Gwen Hoerr Jordan, J.D. Ph.D.
Gwen Hoerr Jordan, J.D. Ph.D.
Assistant Professor, Legal Studies
Telephone: (217) 206-8520
Office: PAC 334
Professor Jordan joined the UIS faculty in 2010 after two years as a visiting assistant professor at Northern Illinois University and three years as the Legal History Fellow at the Institute for Legal Studies, University of Wisconsin Law School. In addition to her Legal Studies faculty appointment, she also has a staff attorney appointment with the Illinois Innocence Project at UIS. Her position with the Illinois Innocence Project involves representing individuals who were wrongfully convicted, working with UIS undergraduate and graduate students participating in the Project and instructing law school students at Northern Illinois University College of Law involved with the Project.
Jordan’s scholarship focuses on the history of women lawyers and their local, national and international social justice activism; issues of gender race and the law, and critical race theory. Her current work is on the history of black women lawyers in Illinois. She is currently analyzing issues of race identity, black women lawyer’s civil rights activism throughout the twentieth century, and the strategies women lawyers of color developed to overcome the intersection of race and gender discrimination in the legal system.
In January 2013, Dr. Jordan and Dr. Matthew Holden served as instructors of a UIS Massive Open Online Course (MOOC): “The Emancipation Proclamation: What Came Before, How It Worked, And What Followed.” This MOOC is free, open to all, and is available on Coursesites.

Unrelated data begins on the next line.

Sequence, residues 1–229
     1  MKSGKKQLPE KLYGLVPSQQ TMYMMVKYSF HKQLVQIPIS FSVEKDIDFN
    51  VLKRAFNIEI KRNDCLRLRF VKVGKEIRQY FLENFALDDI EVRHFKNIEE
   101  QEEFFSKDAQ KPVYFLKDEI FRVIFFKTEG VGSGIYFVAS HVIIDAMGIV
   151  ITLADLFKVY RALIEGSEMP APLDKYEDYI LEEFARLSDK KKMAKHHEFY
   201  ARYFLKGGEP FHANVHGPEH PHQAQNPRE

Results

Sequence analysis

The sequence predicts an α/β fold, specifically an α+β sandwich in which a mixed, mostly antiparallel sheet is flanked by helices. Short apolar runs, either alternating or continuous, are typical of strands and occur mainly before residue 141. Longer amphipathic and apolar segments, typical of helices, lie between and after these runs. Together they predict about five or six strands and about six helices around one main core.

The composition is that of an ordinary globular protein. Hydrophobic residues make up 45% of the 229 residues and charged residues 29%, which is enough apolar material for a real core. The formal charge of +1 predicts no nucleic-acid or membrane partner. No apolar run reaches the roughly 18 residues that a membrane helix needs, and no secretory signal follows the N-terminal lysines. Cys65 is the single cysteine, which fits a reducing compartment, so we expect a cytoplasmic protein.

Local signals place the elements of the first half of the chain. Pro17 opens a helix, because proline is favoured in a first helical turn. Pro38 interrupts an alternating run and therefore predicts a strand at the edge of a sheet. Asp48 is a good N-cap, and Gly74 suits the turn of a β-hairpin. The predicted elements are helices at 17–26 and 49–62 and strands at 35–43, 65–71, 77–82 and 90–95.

Dr. Jordan earned her M.A. in Criminal Justice and her Ph.D. in History from the University of Illinois at Chicago. She earned her J.D. from the University of Denver College of Law. She has been awarded the UIC Dean’s Scholar Award and received an American Association of University Women Educational Foundation American Dissertation Fellowship. She also won a National Award Certificate of Commendation as curator of the exhibition Bar None: 125 Years of Women Lawyers in Illinois, and was previously Co-Chair of the Chicago Bar Association Alliance for Women and served on its advisory board. In addition to her academic experience, she spent five years as a Deputy District Attorney in Colorado.
Courses Taught: History of American Law, Law and Society, Women in American Law, Seminar in Politics and Law, Law and Inequality, The American Constitution and Civil Liberties, Conviction of the Innocent, and Introduction to Graduate Legal Studies.
“‘Them Law Wimmin’: Grassroots Lawyering and the Protective Agency for Women and Children,” in Feminist Legal History: Recovering the Past, Reclaiming the Future, Tracy Thomas and TJ Boisseau, eds., (New York University Press, 2011).
Recent and Upcoming Presentations:
“Transnational Coalitions of Women of Color during the Cold War,” Freedom, Rights, and Power: Recasting Women’s struggles across the Americas since 1900 Conference, St Mary’s University College, Twickenham, London, United Kingdom, April 26-27, 2013
“Law, Social Change, and Diversity with the Nineteenth-Century Woman Movement: The Story of Charlotte Holt, Esquire,” Law and Society Association Conference, Boston, Massachusetts, May 30, 2013
“‘30 Female Blackstones Gather in Chicago’ 120th Anniversary” Event sponsored by the Illinois State Bar Association and the 7th Circuit Bar Association, Winston & Strawn LLP, Chicago, August 22, 2013 http://www.7thcircuitbar.org
“‘Trying to bale the ocean with a sieve’: What Women’s Rights Legislation in the 1940s Might Teach Us in the 21st Century,” forthcoming “The ERA in the 21st Century” conference, Roger Williams University, November 15-16, 2013.
“Radical Women and the Development of Legal Aid Societies in Chicago and Los Angeles, 1886-1914,” Social Science History Association Conference, Chicago, Illinois November 21, 2013
“African-American Portias and the Fight for Human Rights,” Newberry Library Seminar on Women and Gender, Chicago, Illinois, March 14, 2014